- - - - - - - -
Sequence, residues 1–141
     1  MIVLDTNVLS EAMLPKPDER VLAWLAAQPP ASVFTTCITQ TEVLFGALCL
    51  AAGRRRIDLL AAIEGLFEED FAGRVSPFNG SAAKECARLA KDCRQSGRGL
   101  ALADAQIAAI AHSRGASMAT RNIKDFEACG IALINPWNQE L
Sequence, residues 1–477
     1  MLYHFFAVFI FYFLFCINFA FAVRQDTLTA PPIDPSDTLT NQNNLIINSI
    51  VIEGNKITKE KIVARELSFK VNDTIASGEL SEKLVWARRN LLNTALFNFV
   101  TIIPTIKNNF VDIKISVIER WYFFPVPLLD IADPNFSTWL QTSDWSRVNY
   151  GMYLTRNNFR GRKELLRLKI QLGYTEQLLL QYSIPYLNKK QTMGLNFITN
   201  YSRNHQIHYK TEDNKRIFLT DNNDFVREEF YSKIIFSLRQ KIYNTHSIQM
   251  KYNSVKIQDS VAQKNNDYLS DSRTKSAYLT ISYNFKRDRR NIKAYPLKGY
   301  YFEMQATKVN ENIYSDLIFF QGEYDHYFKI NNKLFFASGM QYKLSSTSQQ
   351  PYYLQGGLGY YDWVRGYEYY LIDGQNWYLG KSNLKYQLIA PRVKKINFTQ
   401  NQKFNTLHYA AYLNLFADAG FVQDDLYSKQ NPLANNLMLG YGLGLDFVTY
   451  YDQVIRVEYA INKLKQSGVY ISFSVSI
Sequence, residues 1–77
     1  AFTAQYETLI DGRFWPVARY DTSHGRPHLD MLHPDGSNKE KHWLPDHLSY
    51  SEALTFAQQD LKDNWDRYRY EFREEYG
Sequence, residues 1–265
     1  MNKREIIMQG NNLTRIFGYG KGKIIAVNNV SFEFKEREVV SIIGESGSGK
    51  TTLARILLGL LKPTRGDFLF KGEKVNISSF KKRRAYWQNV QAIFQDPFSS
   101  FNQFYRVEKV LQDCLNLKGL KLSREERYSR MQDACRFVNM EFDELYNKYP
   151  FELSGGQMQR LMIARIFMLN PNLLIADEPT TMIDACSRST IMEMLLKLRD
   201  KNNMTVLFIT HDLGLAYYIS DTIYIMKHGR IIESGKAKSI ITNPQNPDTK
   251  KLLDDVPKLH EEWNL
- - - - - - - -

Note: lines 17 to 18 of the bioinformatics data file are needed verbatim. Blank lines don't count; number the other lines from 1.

     1  AFTAQYETLI DGRFWPVARY DTSHGRPHLD MLHPDGSNKE KHWLPDHLSY
    51  SEALTFAQQD LKDNWDRYRY EFREEYG